by Cassandra R. Elias
In February, 2012, Governor Deval Patrick signed a bill that expands what nurse-midwives can do -- medically.
While this only affects Massachusetts, other states should take notice.
What does this mean bill mean exactly?
This legislation authorizes nurse-midwives to be able to write drug prescriptions and order tests or therapeutics.
What does this do for nurse-midwives in Massachusetts?
It eliminates the requirement of nurse-midwives to practice as a part of a team that includes a licensed physician. This is a really big step for those who've used nurse-midwives before -- you know this is a big hurdle!
They'll be required to practice within the health care system and also foster clinical relationships with OBGYNs that also provide referrals and consultations.
What's the big deal?
Those who support the bill say that it will help reduce healthcare costs by continuing to offer alternative and broader-reaching health care.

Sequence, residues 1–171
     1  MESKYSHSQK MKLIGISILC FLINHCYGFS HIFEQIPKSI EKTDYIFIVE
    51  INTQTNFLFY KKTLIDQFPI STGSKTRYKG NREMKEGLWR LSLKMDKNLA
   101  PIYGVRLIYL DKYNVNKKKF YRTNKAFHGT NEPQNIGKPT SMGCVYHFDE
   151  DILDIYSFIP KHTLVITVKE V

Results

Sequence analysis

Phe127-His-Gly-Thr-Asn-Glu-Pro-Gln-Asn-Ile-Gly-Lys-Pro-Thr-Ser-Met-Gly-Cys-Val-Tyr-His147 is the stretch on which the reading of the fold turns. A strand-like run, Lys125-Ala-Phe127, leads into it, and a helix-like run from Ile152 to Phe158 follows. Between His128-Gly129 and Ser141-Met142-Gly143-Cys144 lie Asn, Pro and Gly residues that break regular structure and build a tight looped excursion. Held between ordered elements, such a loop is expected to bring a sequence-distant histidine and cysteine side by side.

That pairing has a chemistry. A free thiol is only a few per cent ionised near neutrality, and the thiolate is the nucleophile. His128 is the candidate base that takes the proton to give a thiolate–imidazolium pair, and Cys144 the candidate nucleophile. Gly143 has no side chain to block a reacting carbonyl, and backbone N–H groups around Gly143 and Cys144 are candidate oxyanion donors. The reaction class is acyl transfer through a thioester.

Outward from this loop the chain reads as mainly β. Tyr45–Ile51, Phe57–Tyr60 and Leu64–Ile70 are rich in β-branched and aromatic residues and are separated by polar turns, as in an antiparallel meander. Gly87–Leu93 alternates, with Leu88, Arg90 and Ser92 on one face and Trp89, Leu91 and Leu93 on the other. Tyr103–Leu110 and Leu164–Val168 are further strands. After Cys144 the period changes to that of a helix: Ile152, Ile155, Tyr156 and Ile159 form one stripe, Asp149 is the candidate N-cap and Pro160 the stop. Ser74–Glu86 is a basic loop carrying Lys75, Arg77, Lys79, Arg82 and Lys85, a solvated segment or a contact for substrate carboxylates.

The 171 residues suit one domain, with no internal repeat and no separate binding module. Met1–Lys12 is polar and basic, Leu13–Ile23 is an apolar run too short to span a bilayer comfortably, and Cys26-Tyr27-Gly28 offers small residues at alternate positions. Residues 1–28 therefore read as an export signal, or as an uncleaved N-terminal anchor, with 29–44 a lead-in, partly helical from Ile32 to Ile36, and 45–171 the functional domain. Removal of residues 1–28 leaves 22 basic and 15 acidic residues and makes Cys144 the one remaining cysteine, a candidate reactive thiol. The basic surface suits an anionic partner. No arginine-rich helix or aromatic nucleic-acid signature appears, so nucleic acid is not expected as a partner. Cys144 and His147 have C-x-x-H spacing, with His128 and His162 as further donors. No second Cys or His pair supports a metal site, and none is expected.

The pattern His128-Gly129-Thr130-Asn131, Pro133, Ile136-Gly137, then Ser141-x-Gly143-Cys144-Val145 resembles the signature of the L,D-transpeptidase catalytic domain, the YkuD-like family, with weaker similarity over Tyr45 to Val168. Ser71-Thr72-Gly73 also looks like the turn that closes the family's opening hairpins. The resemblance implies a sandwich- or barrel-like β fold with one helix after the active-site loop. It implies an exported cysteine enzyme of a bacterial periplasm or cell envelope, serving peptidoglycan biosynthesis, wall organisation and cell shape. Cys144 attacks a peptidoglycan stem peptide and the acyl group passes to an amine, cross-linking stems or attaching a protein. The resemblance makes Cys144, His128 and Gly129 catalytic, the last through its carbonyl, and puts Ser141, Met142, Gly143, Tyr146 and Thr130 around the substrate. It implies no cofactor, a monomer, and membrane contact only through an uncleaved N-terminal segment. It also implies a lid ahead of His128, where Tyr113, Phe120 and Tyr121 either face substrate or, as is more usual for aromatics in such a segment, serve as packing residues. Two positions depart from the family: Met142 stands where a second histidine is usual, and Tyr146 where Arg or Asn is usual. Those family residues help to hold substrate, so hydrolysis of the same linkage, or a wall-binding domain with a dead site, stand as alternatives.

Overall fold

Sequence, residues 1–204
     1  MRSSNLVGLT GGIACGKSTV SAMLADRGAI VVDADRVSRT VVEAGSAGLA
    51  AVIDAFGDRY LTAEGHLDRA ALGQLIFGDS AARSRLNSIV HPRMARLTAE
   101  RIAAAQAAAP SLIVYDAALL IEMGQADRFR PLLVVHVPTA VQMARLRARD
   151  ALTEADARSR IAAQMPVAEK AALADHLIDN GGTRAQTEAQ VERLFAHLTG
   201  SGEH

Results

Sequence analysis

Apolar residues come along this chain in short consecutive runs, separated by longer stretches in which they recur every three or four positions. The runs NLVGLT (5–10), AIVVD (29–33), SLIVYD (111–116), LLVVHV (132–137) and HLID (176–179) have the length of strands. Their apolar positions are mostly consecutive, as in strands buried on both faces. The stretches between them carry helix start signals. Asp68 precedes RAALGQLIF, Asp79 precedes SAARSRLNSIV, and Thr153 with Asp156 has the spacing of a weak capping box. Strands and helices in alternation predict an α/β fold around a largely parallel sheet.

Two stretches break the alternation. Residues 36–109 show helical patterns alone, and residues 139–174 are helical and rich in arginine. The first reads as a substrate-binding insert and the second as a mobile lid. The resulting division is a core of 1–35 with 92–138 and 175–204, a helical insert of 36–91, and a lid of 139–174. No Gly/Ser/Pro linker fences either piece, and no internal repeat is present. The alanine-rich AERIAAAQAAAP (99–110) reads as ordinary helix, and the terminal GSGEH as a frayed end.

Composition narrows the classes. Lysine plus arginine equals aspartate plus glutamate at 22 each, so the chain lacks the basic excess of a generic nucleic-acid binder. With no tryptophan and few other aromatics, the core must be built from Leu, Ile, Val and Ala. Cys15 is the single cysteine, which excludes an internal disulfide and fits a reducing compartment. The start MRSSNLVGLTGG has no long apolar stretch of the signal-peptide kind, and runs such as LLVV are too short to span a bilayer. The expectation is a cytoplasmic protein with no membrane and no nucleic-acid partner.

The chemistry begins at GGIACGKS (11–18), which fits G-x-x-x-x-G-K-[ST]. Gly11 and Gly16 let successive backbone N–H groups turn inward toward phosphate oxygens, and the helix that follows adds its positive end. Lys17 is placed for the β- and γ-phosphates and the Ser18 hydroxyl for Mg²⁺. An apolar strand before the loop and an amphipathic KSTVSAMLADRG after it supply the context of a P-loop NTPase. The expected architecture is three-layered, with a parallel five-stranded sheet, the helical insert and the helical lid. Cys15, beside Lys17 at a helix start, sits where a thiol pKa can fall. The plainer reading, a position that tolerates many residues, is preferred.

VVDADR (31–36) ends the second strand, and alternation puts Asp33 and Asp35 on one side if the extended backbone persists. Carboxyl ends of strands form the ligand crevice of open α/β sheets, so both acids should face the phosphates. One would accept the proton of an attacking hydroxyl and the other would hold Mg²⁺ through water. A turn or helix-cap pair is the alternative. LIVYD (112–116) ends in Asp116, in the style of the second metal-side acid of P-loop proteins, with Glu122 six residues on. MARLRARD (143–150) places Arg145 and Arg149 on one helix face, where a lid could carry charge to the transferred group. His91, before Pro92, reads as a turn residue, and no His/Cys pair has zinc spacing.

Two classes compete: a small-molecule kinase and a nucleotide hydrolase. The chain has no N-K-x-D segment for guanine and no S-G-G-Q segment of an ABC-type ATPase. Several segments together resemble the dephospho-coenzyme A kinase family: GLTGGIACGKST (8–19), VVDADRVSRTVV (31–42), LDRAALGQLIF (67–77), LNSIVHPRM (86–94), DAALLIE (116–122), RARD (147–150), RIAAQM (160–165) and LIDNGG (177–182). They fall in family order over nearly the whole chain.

Governor Patrick is quoted as saying, "It's about more choice for mothers preparing to give birth and it's about helping to control health care costs."
Who can argue with that statement?
Kathryn Kravetz Carr, President of the The American College of Nurse Midwives chimed in as well. "What it does is it releases the physicians of liability of working with us. It allows us to practice in the way we were trained and educated and certified.
This is certainly exciting news for nurse-midwives.
In Massachusetts, home deliveries only make up less than 1 percent of births every year. What they've also noticed is that there is a growing number of women who want to avoid intrusive or restrictive hospital settings if going through a normal uncomplicated pregnancy.
What do you think of the bill? Shout it out in the comments!
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